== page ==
Alternative engine Golf GTI
Parts and tools required
A relatively simple swap is to go from WBX or diesel to I4 VAG group engines. These have been fitted to a bewildering array of VAG group vehicles and are available in many different flavours, most notably in this instance in 1.8 and 2.0 8V fuel injected configuration.
+ Fantastic parts availability, engines are cheap and robust, improved economy over WBX engines, conversions don’t need much in the way of custom parts, much keener to rev. - Not as smooth as a WBX, not as much low torque
I4 engines can be fitted using T25 Diesel mounting bars, waterpipes, sump, gearbox bellhousing, starter motor, oil pump pick up and clutch etc. A key issue in this conversion is the intake manifold – this fouls the chassis rail on a bus, when the engine is mounted at 50degrees. To get around this issue I recommend light impact adjustment on the chassis rail.
The installation is not difficult, but depends on what parts and facilities you have to work with.
Do you have the following from a Diesel T25?
Gearbox bellhousing; Bellhousing tinware; Starter motor; Mounting bars; Sump; Diesel input shaft, or grinder to cut the WBX shaft down; Waterhousings for head and water pump; Full set of water pipes; Clutch; Flywheel; Do you have the following facilities?
Bunch of spanners and sockets; torque wrench; Engine hoist; axle stands; welder and exhaust tubing (or ability to put up with 20bhp loss of power caused by running the JX turbo with the guts removed and then plated over)
Big hammer; The confidence to beat one of your chassis rails with the big hammer (or cut and weld it up nicely); A multimeter and some basic wiring skillz, innit.
If you've got all that then you're probably fit to go on a GTI conversion. The only big gotchas are knowing you need to fit a diesel spigot bearing in the end of the crank and that you don't tighten the diesel sump bolts until you've securely attached the gearbox to the engine, or you can pull one end of the sump off.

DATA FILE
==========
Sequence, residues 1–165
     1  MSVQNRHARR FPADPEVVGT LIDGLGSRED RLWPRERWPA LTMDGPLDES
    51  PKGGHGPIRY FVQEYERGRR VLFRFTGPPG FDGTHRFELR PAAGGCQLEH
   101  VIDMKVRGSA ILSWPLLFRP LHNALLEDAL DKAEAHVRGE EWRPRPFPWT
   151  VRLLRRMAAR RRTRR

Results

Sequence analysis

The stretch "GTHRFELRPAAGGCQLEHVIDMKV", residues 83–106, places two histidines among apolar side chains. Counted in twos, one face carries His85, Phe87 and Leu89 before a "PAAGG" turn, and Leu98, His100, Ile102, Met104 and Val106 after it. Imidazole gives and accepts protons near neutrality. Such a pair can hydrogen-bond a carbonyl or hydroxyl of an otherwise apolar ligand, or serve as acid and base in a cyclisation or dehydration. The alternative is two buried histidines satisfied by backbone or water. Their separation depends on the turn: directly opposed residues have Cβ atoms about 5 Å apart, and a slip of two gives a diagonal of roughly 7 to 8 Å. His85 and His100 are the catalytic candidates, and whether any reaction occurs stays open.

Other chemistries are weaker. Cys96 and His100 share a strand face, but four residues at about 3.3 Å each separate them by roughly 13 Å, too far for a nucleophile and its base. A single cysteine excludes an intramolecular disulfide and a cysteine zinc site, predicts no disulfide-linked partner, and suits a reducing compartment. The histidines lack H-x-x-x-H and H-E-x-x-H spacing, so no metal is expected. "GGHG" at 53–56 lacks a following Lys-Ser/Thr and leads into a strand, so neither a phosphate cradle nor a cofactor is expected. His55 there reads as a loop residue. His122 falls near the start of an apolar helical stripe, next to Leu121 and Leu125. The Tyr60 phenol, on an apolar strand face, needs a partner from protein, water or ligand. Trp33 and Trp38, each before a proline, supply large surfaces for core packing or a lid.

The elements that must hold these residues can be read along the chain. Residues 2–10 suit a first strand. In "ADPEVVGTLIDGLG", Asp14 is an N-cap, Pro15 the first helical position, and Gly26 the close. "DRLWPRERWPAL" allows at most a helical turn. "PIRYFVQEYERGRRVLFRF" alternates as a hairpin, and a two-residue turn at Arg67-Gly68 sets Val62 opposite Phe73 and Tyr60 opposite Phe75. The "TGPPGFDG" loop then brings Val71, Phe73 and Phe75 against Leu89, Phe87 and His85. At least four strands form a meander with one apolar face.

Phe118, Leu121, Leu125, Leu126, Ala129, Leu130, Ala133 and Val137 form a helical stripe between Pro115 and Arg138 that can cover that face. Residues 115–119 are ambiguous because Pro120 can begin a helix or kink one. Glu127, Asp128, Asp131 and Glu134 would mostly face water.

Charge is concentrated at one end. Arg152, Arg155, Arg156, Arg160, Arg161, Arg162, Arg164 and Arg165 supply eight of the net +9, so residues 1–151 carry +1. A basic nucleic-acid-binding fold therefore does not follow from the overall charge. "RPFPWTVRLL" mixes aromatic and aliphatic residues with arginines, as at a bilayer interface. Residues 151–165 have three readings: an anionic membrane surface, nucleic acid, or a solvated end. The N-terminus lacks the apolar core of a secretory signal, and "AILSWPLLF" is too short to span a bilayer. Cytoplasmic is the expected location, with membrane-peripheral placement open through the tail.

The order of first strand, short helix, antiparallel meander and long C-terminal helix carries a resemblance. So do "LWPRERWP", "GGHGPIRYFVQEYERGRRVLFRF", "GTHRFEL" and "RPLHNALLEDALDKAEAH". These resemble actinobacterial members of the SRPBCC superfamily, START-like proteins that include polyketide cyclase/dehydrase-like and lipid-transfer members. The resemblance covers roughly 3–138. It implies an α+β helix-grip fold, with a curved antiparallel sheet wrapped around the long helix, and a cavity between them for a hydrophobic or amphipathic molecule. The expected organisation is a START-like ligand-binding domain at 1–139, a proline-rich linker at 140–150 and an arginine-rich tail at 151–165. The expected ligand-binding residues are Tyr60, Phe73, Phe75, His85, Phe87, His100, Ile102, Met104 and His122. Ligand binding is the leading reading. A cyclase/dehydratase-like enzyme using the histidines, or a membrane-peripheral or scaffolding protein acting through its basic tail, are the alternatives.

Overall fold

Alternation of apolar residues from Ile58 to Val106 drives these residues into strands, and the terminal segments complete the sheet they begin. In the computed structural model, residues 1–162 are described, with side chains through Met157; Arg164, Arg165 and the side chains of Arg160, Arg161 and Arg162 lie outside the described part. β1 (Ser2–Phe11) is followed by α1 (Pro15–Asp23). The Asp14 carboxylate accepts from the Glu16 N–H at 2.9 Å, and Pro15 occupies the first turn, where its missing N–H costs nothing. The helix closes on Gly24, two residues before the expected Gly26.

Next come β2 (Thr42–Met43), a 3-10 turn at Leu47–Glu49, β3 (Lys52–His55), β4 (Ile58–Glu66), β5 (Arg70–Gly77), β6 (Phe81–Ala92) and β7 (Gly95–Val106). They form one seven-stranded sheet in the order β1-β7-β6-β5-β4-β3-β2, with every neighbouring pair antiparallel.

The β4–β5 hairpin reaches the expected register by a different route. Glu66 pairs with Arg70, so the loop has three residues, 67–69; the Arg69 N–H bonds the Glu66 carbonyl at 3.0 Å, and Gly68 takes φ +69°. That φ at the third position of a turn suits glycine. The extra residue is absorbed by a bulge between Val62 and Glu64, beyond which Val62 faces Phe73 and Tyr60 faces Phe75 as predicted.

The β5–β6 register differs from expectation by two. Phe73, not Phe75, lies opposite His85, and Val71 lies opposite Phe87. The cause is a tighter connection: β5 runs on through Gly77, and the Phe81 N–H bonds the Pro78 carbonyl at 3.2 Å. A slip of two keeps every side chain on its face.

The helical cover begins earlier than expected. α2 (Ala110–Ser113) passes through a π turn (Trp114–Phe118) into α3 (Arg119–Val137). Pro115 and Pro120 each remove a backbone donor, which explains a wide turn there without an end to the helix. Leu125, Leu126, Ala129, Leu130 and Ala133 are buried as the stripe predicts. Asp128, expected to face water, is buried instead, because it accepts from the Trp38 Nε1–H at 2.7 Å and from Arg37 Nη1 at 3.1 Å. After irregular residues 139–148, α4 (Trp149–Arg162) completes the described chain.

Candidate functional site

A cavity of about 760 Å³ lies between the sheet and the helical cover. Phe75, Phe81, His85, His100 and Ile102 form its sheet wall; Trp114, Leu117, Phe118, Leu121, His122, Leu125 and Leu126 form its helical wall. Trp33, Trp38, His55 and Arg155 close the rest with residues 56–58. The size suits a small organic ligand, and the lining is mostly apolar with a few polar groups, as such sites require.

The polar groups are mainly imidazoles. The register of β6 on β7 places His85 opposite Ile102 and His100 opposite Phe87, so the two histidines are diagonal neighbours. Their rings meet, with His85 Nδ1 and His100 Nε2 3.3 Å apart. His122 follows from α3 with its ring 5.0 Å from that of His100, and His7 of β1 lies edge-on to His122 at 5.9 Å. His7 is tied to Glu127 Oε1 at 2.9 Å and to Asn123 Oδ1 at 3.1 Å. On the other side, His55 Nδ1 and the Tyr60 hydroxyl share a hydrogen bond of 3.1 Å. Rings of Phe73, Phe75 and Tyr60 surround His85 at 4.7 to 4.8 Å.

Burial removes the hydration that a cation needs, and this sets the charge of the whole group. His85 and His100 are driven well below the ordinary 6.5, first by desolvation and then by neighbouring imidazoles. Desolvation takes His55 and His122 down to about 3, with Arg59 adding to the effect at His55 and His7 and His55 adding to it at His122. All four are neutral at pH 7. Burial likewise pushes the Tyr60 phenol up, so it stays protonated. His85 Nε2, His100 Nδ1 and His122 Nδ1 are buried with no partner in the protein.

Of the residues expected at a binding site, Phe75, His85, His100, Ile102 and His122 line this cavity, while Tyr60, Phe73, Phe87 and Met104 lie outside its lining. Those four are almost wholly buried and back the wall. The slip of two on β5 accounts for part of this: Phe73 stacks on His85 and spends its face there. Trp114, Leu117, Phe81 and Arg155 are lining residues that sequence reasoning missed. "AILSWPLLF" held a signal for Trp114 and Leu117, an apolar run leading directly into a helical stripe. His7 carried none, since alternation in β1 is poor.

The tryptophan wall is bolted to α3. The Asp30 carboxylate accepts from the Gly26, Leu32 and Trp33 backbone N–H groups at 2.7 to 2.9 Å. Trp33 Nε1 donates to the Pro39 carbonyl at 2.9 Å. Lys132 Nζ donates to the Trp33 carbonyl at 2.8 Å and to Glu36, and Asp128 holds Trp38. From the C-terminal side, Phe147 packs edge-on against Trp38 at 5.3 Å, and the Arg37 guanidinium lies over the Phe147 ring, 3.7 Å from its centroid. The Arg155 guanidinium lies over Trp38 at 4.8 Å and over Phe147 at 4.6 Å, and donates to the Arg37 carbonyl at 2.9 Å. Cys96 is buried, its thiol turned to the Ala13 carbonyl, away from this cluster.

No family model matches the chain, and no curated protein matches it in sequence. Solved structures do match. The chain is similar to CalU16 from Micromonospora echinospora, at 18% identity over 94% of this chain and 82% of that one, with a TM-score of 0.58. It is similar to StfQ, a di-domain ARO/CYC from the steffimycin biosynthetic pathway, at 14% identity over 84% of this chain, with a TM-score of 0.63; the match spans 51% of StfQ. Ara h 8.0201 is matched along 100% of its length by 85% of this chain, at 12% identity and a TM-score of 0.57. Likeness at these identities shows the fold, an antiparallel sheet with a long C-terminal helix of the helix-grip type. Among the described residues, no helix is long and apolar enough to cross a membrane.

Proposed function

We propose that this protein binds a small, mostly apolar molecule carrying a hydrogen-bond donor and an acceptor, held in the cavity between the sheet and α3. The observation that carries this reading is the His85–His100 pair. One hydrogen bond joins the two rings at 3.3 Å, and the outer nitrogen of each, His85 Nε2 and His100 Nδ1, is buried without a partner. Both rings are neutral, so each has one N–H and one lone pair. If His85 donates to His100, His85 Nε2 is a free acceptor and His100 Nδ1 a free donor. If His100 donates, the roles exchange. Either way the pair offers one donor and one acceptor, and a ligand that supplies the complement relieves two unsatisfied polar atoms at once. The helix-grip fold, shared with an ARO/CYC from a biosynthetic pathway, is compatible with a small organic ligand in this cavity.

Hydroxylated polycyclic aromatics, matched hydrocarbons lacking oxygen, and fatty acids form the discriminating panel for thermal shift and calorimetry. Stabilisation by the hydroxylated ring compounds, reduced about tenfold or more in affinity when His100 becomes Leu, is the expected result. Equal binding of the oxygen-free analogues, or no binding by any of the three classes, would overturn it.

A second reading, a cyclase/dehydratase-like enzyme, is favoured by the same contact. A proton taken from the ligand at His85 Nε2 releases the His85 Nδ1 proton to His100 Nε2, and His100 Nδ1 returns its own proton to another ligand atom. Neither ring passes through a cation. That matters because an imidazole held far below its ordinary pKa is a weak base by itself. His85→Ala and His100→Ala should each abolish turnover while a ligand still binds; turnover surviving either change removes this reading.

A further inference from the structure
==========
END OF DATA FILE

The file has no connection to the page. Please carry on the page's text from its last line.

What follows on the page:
NB. With the taller 2.0 in-line Gti, there can be an inlet manifold/chassi rail interference problem that even a big hammer might not be sufficient for, unless you want your truck crabbing up the road. Gas heat or a cut and weld up might be one solution, as might taking some metal off a couple of the cast ally inlet manifold pipes.
Oil Quantity/Dipstick Levels
Oil quantity on all Diesel kit mounted (52 degree angle) engines can be critical, too much being the real problem 4.5 litres is about max. (without allowance for an additional oil cooler, a good addition to these installations)
Mr Self Destruct: (GTI installation) The only problem I have now is how to go about fitting the diesel dipstick to the gti block, anyone have any advice? Or do I stick with the original dipstick? Is it feasible to fill the proper amount of oil in the sump, then measure it on the dipstick and take that as nominal?
Diamond Hell: With the sump off you can simply drive out the GTI dipstick with a tool as advanced as a long M8 bolt. The dieseldonicely one then slides into the hole. The only issue you are then faced with is how to secure it.
Fill the sump with the correct quantity of oil and stamp whatever dipper you decide to use at the point the oil comes up to.
Sir Chad: fitted an 8V GTI into mine on saturday. I found the seal on the diesel lump was knackered so i cut the GTi and the diesel dipstick tubes at the point where they meet the spigot (push fit into the block on a GTi) and welded therm together. I stuck a screw driver up the two halves to keep them concentric. Used the diesel dipstick and I'm going to fill it with the 'book volume' of oil and mark the pipstick to suit.